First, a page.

Here is another good review article on regulatory T cells:
http://onlinelibrary.wiley.com/doi/10.1 ... 2308.x/pdf
So, from all of the information I have provided in this thread it looks like the following may be true of multiple sclerocis:
1. MS is caused by a defect in the regulatory T lymphocyte function, in particular the master control gene FOXP3.
2. There are certain pro-inflamitory T-cells that target autoatigens within the central nervous system such as meylin basic protein. Usually, a regulatory T-cell of the same phenotype in a healthy subject will prevent an autoimune response on this tissue.
This is why people with a defective blood brain barrier but a healthy regulatory T-Cell function do not acquire multiple sclerosis.
3. In a normal person, natural regulatory T-cells (nTregs) are developed in the thymus. However, induced regulatory T-cells (iTregs) can be developed outside of the thymus, and it appears vitamin D plays a key role in iTreg development.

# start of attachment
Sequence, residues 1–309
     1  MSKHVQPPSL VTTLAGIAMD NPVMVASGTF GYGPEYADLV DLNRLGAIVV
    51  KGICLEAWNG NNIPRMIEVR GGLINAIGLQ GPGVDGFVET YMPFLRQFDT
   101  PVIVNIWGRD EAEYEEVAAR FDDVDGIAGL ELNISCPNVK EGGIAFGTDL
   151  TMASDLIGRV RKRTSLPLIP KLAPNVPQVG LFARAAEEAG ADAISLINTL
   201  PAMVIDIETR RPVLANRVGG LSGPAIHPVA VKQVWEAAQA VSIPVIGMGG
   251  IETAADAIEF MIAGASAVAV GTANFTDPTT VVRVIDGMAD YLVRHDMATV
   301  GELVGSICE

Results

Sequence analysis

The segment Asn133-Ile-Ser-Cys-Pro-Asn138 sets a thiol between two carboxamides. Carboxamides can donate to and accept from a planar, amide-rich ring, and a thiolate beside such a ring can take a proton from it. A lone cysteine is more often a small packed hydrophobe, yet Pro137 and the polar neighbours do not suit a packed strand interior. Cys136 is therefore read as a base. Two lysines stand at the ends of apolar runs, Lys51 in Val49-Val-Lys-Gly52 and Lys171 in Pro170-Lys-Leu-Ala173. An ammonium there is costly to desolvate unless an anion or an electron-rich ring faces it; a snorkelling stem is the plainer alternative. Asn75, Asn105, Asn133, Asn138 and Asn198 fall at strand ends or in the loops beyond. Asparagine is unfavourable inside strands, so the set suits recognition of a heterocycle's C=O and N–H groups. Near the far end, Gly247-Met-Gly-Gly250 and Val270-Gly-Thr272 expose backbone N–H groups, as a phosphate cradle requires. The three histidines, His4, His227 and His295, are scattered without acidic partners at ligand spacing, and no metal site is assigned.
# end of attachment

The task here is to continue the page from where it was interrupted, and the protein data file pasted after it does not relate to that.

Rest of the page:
Here is another article with additional information:
http://www.ncbi.nlm.nih.gov/pmc/article ... 5-0001.pdf
This is a topic that is being heavilly researched by immunologists.
The vast majority of these researchers are working on not for profit grants, so in my opinion it is very disrespectful to label these people as being pawns of the drug companies and are only doing this for their own financial gain.
Thousands of people are working on this aspect of the immune system, and I for one would like to thank them for their hard work.